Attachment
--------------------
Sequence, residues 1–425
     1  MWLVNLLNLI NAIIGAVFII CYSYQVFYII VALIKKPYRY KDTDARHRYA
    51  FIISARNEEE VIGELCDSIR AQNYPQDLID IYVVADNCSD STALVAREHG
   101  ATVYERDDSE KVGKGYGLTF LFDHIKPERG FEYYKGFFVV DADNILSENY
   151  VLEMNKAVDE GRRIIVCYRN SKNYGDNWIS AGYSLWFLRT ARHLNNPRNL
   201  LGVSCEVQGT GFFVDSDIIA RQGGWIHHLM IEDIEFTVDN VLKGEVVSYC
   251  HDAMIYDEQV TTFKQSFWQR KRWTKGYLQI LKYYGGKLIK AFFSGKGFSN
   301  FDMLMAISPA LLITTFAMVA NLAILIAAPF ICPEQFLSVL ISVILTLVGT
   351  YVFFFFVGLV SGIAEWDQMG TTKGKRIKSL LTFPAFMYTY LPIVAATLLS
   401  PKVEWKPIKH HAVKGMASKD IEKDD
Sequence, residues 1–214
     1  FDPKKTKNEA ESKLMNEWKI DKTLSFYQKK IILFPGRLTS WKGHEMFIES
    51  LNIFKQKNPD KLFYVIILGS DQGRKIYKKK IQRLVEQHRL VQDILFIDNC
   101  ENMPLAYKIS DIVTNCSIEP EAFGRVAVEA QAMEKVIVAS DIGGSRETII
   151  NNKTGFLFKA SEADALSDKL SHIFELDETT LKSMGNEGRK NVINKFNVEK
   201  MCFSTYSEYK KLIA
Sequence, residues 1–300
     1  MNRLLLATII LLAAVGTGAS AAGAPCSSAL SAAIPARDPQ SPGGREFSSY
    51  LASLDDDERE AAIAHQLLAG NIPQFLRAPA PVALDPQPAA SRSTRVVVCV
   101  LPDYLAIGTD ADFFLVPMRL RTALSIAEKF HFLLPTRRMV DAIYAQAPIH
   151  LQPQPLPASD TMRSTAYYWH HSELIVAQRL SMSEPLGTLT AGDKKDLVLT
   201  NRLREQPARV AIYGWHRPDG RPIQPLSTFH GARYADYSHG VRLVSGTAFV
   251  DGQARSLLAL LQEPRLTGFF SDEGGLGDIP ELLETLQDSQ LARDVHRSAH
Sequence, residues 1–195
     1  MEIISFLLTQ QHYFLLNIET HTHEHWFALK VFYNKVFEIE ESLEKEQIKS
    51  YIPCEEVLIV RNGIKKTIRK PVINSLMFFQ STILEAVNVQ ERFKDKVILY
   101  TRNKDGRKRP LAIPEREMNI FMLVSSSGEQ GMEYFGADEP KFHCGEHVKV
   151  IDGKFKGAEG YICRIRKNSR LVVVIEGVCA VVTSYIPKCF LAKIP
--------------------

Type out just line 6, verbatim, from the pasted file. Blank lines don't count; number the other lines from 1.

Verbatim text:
   201  LGVSCEVQGT GFFVDSDIIA RQGGWIHHLM IEDIEFTVDN VLKGEVVSYC